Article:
Two different encounters prod my thinking today.
Last Friday, a friend, someone whom I appreciate a good deal, got in my face and announced to me that on the weekend, his plan was to get “totally stoned and pissed.” “After all,” “Jerry” maintained, “What else is there to do on a weekend?”
Jerry has a bit of a provocative streak. I responded, also in a bit of a provocative vein, “Well, you could go to church.”
Jerry was not done with his passionate repartee. “Ed, if I ever set foot in the door of a church, both that church and me, we’d just burst into flames!” When I asked why that might be, Jerry shook his head ruefully. “Ed, I’ve done some bad stuff in my day!”
The other encounter occurred the next day, as Holly and I lunched in a local restaurant. In a booth near us sat, we guessed, three generations of family. Two parents, approaching my age, a pair of daughters, early twenties, and a little girl, perhaps a year and a half old. The wee one appeared to belong to the younger of the daughters.
The blond cherub must have had a bit of a food mishap. The next time we took note, the young mom was returning from the washroom, baby under one arm, baby’s blouse under the other. Grandpa (we assumed) stood to meet her, a short stocky fellow, reached for the wee one, picked her up, and she grinned, then immediately melted her blond head and perfect shirtless body onto his shoulder, totally relaxed. At the same moment Holly noted, “That’s a safe place for her,” I was observing, “She’s been there before.”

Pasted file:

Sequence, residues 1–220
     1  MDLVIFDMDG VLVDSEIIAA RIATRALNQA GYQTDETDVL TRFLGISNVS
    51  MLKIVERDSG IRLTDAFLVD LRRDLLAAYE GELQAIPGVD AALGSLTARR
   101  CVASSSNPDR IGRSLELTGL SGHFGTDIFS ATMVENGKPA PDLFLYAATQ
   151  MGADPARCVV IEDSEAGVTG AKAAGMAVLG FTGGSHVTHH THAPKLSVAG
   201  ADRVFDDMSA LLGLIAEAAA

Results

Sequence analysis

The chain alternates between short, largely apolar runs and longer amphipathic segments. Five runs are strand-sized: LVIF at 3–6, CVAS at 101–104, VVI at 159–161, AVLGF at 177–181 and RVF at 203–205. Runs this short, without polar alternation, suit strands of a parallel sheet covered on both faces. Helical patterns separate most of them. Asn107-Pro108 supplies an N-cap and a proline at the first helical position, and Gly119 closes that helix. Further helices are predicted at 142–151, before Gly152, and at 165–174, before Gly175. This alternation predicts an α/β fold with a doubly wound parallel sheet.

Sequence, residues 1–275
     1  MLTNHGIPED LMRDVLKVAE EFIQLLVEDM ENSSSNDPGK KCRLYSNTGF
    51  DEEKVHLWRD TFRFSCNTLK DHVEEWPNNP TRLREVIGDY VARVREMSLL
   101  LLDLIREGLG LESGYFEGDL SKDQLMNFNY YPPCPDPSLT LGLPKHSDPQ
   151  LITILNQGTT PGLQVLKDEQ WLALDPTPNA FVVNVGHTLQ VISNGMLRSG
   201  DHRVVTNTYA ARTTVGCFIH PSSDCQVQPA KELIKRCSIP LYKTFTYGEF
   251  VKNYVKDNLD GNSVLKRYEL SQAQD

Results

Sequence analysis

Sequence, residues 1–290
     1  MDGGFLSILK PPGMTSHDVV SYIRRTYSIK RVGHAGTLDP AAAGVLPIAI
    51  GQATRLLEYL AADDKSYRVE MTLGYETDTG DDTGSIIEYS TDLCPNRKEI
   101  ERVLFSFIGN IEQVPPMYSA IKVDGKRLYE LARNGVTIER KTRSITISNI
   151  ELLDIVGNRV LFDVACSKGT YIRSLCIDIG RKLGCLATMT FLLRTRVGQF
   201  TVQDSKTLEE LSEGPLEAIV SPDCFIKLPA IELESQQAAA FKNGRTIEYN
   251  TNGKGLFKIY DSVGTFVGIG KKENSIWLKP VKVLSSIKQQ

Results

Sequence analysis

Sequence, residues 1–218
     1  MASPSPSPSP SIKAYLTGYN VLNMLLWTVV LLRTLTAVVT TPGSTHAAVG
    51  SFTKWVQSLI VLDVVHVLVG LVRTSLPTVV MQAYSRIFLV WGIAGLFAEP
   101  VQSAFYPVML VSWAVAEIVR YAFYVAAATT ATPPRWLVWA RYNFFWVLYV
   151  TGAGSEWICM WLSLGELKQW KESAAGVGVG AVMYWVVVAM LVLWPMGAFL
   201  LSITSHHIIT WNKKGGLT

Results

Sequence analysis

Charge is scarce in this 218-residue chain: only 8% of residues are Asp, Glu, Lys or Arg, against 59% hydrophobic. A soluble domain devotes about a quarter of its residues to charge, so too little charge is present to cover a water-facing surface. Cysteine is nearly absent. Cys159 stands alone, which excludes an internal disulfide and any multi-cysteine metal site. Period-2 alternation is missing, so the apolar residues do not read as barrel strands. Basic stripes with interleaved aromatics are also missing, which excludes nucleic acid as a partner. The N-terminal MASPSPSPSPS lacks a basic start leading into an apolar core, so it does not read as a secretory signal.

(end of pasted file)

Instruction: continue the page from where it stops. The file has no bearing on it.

My pondering this week connected those two glimpses.
In the first, the exchange with my friend, Jerry, I went away somewhat angry. Certainly not at Jerry, he’s simply too refreshing to be mad at. No, angry at the way we as “church” have portrayed ourselves, have sold ourselves, have defined what it means to enter the “holy” doors. Jerry’s impression of church might be due to an unfortunate incident, or a series of incidents that were far from my control. But I, we, have done nothing to disabuse Jerry of that notion, the notion that church is for “Godly” or “perfect” people, that he doesn’t belong there.
Looking for God, glimpsing God lessons, these happen only when we acknowledge that we are broken, that we are weak. At some level, I believe, church goers know this.
Then why can’t we live that way? Then why can’t we portray our places of worship, our sanctuaries that way? Why can’t our church signs and church names define us as screw ups, as mixed up and confused, as broken people looking for a little hope?
The name of the church where I find myself on Sundays begins with the word, “Grace.” It’s a good word, a Biblical word, a hopeful word. But I wonder, as I look up at the sign, is it a word that intimidates Jerry and his ilk? Does it suggest to them that the folks that will be ensconced in the Grace pews are totally “grace-filled,” ready to pass on the perfect goodness of God through equally perfect goodness of their own?
Tain’t so. We are, instead, pretty ordinary folks. We carry stories probably not too different from the “bad stuff” to which Jerry alluded. We screw up. I expect most churches have about the same folks, with similar stories.
I picture again the little waif, swept up into Grandpa’s arms, throwing herself onto his broad shoulder, her muscles relaxed. There is trust there, there is a relationship of love.
How can we present a similar image of church to Jerry? How can we sweep him up, put arms around him, and allow him to melt into the safety and trust that we hopefully, represent? How can we set aside the structure, the history, the traditions, the rules, that stand in the way of simple and warm acceptance?
Jerry, we need you. You have holy lessons to offer.